Planting Trees From Seed – It’s Catching On!

The last couple of years I have been (very pleasantly!) surprised by the number of folks ordering tree tubes to protect trees they started themselves from seed.  Yesterday it was a customer from Wisconsin who is planting some hickory seedlings he started in pots from nuts he gathered on his property last fall.

There are several advantages to growing trees directly from seeds you collect yourself.   First of all you can choose which trees to collect seeds from, so you can select the best “mother” trees.  Of course you don’t know which tree provided the pollen for each seed, and you don’t know how the genetic traits of the parent trees will manifest themselves in each seed, but in general terms by selecting seeds produced by superior trees you know that at least half of their genetic code is excellent.

Secondly, you know that the trees produced by your seeds will be well suited to your site in terms of climate, soil type, moisture, etc.

Finally, planting seeds takes my maxim that “the smaller the tree you plant the better the tree you will produce” to its logical limit:  When planting seeds you’ll never have to disturb or deform the root system.  It’s almost like planting trees from seed is the way that Nature intended it to be done!

There are drawbacks.  First you have to gather the seeds, and that can been a race against time between when the seeds are ready and when the local wildlife gobble them up.  Second you have to store them over the winter; generally speaking tree seeds like acorns, walnuts, hickory nuts, etc. need a cold treatment in order to break dormancy, and that means spending time in a bag in the fridge (which can lead to a spouse who is not thrilled with the reduction in food storage space!).  Lastly there are some risks; if you plant seeds directly in the field there is a period of time before they germinate when they are vulnerable to squirrels and other rodents (of course tree tubes help a lot).

I often get asked how to grow trees from acorns, chestnuts, walnuts and hickory nets.  There are 4 ways to do it, each with their pro’s and con’s, but each capable of product excellent results.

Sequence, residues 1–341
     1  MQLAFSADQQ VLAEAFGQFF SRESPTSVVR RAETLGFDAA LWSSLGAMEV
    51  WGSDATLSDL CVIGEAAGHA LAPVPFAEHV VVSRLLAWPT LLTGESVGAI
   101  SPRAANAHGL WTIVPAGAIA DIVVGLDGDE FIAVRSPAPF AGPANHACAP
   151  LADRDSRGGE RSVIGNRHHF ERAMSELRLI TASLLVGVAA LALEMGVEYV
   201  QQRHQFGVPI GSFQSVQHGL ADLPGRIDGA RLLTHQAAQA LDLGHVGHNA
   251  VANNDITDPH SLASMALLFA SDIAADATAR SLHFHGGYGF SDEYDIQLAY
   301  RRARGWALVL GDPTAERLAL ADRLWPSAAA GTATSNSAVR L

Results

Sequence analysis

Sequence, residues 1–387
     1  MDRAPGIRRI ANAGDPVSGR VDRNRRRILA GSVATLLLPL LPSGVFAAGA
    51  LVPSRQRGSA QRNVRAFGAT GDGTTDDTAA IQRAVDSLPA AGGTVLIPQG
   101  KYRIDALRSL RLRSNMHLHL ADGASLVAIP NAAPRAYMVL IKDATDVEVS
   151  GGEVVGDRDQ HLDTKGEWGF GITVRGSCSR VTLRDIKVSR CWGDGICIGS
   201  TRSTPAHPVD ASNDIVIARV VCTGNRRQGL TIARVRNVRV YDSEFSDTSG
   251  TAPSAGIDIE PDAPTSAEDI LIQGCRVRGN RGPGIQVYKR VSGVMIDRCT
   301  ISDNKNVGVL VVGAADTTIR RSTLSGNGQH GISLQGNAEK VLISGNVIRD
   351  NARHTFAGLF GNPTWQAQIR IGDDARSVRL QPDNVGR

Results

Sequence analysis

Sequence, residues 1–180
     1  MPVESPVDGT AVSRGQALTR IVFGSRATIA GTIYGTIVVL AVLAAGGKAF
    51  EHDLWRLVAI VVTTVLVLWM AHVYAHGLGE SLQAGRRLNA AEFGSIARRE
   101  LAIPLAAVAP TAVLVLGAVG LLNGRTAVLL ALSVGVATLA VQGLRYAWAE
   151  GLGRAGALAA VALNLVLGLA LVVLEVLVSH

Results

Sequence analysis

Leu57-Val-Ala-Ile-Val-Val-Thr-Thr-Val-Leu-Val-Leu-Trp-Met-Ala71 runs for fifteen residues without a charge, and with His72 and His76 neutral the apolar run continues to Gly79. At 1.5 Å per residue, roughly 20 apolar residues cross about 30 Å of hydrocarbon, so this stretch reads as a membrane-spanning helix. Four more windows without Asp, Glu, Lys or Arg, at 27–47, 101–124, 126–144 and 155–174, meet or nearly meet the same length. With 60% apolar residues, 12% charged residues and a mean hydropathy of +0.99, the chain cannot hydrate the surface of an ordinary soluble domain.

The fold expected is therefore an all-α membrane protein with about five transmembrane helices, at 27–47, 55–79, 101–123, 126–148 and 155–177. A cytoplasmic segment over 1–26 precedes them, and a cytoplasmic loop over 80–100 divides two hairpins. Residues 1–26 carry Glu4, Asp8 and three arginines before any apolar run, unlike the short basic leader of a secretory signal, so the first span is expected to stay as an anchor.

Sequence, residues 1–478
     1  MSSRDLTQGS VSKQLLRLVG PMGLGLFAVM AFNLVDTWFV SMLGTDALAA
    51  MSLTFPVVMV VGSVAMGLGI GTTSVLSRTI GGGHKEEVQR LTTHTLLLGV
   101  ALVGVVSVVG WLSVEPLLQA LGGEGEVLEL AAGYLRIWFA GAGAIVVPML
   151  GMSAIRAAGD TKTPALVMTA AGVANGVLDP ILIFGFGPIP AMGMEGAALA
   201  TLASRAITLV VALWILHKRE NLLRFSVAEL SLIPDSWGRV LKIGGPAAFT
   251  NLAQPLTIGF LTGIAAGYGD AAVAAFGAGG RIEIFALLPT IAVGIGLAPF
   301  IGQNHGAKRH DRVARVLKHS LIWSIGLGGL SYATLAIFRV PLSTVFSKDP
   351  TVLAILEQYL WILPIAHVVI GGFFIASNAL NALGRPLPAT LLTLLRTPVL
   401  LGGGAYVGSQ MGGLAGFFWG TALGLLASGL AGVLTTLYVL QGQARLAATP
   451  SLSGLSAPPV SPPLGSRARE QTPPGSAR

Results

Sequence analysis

In all cases it’s best to float the nuts in a tub of water for a couple of days after collecting them.  After a couple of days the good, viable nuts will sink.  The nuts whose insides were eaten by insect larvae – and are therefore not viable – will float.  Disgard the floaters and keep the sinkers.  From this point there are 4 ways to do things:

1) Plant the nuts directly in the field in fall, protecting with tree tubes.  Cover the nuts with 1/2 to 1″ of soil.  Advantage:  The nuts get their cold treatment the old fashioned way, and you don’t have to store them in the fridge over the winter.  Disadvantage:  The window between planting and germinating is several months, during which time the nuts can be discovered and eaten by rodents.  Again using tree tubes goes a long way toward preventing this, and of course protects the newly sprouted seedlings from deer.  I use this method a lot.  When I do I often sow two nuts per planting hole to increase the odds of success.

2) Store the nuts in a plastic bag in the fridge, and then plant directly in the field in spring, covering with tree tubes.  The disadvantage is the aforementioned unhappy spouse and use of fridge space.  The advantage is that it shrinks the window of time between planting and germinating during which the nuts are at risk from rodents.  Here again I generally plant two nuts per spot.

3) Store the nuts in a plastic bag in the fridge, remove them in spring, place the bag in a warm, sunny window sill so that they start to germinate (sending out a white-ish “radicle”), and then planting directly into the field.  The great advantage of this method is know you have a viable nut and you can therefore safely plant just one per planting spot.  Be very careful when planting not to damage the root radicle.

4) Follow either #2 or #3 above but plant in small pots with potting soil, grow them in the pots for a month or two, and then plant in the field.  The advantage here is that you are planting a more mature root system better able to cope with the stresses of the field.  The disadvantage is that the longer you leave the seedlings growing in the pots the more you risk creating the root deformations (circling roots, J roots, etc.) that can cause problems down the road and which growing trees from seed is meant to avoid.  This is a great way to go if you have seed ready to plant in spring but your planting site isn’t quite ready, and can be really successful as long as you don’t leave the seedlings to grow in the pots too long.

I have been a huge advocate of planting by direct seeding for more than 20 years.  It’s great to see the idea catching on so much!

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